Interested persons are invited to submit written data, views and arguments concerning the foregoing, including whether the proposed rule change is consistent with the Act. Comments may be submitted by any of the following methods:

Electronic Comments

Paper Comments

  • Send paper comments in triplicate to Elizabeth M. Murphy, Secretary, Securities and Exchange Commission, 100 F Street, NE., Washington, DC 20549-1090.

All submissions should refer to File Number SR-FINRA-2010-014. This file number should be included on the subject line if e-mail is used. To help the Commission process and review your comments more efficiently, please use only one method. The Commission will post all comments on the Commission's Internet Web site (​rules/​sro.shtml). Comments are also available for Web site viewing and printing in the Commission's Public Reference Room, 100 F Street, NE., Washington, DC 20549, on official business days between the hours of 10 a.m. and 3 p.m. All comments received will be posted without change; the Commission does not edit personal identifying information from submissions. You should submit only information that you wish to make available publicly.

All submissions should refer to File Number SR-FINRA-2010-014 and should be submitted on or before May 17, 2010.

Start Signature

For the Commission, by the Division of Trading and Markets, pursuant to delegated authority.[14]

Florence E. Harmon,

Deputy Secretary.

End Signature End Preamble


3.  Expedited actions allow FINRA to address certain types of misconduct more quickly than would be possible using the ordinary disciplinary process. In general, these actions focus on encouraging respondents to comply with the law or take corrective action rather than on sanctioning them for past misconduct. As discussed in detail below, moreover, the Act uses a different standard of review for expedited actions than it does for disciplinary cases.

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4.  FINRA Rule 10330(h).

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5.  The rule change would not affect the defenses available in actions that do not involve customers.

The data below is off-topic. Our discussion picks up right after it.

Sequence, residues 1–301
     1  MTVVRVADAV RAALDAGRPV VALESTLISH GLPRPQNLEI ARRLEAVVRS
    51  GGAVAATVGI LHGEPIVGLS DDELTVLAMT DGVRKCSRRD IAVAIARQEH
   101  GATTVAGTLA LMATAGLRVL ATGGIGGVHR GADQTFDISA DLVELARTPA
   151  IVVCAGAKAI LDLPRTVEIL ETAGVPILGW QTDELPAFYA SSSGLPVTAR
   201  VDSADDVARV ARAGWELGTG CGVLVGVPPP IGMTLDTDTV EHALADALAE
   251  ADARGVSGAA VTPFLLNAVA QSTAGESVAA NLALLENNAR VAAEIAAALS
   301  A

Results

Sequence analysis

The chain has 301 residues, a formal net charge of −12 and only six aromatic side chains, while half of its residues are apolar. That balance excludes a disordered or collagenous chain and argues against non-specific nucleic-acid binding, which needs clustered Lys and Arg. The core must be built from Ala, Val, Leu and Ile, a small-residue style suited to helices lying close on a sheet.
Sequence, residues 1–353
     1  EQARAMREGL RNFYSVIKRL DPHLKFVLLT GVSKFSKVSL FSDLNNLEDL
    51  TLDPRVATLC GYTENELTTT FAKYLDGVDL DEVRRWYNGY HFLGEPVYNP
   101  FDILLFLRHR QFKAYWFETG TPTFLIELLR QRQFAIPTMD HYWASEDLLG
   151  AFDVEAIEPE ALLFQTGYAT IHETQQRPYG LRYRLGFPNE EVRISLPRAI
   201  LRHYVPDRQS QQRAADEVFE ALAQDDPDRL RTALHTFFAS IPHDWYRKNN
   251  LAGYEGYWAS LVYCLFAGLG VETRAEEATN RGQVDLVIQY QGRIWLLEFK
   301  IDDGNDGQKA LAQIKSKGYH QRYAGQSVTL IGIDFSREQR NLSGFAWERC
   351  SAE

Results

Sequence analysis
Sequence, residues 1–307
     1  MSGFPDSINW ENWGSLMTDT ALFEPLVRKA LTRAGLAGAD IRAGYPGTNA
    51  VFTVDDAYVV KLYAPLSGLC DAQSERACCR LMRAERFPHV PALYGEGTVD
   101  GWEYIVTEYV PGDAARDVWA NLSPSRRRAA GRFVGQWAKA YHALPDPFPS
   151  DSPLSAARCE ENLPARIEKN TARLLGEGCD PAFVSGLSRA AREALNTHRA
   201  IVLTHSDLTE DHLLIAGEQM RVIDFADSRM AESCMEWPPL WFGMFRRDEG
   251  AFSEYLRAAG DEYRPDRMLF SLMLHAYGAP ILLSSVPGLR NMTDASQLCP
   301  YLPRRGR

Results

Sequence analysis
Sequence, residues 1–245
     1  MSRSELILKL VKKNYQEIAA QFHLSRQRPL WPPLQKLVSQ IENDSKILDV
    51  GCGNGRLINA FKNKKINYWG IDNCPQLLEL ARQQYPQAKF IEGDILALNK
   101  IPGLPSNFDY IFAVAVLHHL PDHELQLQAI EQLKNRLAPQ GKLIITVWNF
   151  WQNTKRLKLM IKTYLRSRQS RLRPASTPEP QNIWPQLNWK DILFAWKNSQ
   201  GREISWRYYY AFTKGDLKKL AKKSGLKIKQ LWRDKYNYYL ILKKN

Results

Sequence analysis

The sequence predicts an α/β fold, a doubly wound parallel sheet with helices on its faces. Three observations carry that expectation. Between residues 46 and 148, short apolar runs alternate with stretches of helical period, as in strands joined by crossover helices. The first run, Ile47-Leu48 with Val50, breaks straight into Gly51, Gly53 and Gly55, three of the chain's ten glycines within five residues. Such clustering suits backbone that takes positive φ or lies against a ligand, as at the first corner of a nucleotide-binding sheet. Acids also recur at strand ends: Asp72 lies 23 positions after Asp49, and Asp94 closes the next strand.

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6.  In its order approving changes to the predecessor to Rule 9554, the SEC noted that the issues in these types of cases are narrow and generally limited to determining whether the respondent has proven any of these four defenses or an inability-to-pay the award. See Securities Exchange Act Release No. 40026 (May 26, 1998), 63 FR 30789, 30790 (June 5, 1998).

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7.  See 4 Collier on Bankruptcy, ¶¶ 521.01, 521.09 (15th ed. 2009).

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8.  See 18 U.S.C. 151-58 (2010). Bankruptcy fraud is punishable by a fine, or by up to five years in prison, or both. Id.

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9.  The ability to legally discharge debts, the more thorough and accurate verification of a bankruptcy debtor's financial condition, and possible criminal prosecution for intentionally inaccurate disclosures, among other aspects, distinguish bankruptcy from inability-to-pay.

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10.  See Toney L. Reed, 52 S.E.C. 944 (1996), recons. denied, Securities Exchange Act Release No. 39354 (Nov. 25, 1997); Bruce M. Zipper, 51 S.E.C. 928 (1993). In addition, in an order approving a rule change for a predecessor to Rule 9554, the SEC noted that it had previously recognized that a bona fide inability-to-pay an arbitration award is an important consideration in determining whether any sanction for failing to pay an arbitration award is “excessive or oppressive.” See Securities Exchange Act Release No. 40026 (May 26, 1998), 63 FR 30789 (June 5, 1998). Without further discussion, the order cited the SEC's decision in Zipper, which was a disciplinary case, not an expedited action.

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11.  In William J. Gallagher, Securities Exchange Act Release No. 47501, 2003 SEC LEXIS 599 (March 14, 2003), the SEC emphasized that expedited actions are reviewed under Section 19(f) of the Act not Section 19(e). The SEC stated, “Gallagher misconstrues the applicable review standard when he argues that [FINRA's] sanction is `excessive and oppressive' and that [FINRA's] indefinite suspension order is inconsistent with the [FINRA] Sanction Guidelines, standards relevant in the Commission's review of [FINRA] disciplinary proceedings under Section 19(e) of the Exchange Act.” Id. at *6. The SEC explained that its review is limited to analyzing whether “the specific ground on which [FINRA] based its suspension—failure to pay in full an arbitration award—`exists in fact[,]'” the “SRO's determination was in accordance with its rules, and * * * those rules are, and were applied in a manner, consistent with the purposes of the Exchange Act.” Id. at *5 & *7. In Gallagher, FINRA and the SEC rejected the respondent's claim of inability-to-pay on factual grounds. The issue of whether a respondent was permitted to raise the defense as a matter of law was neither raised nor decided.

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[FR Doc. 2010-9549 Filed 4-23-10; 8:45 am]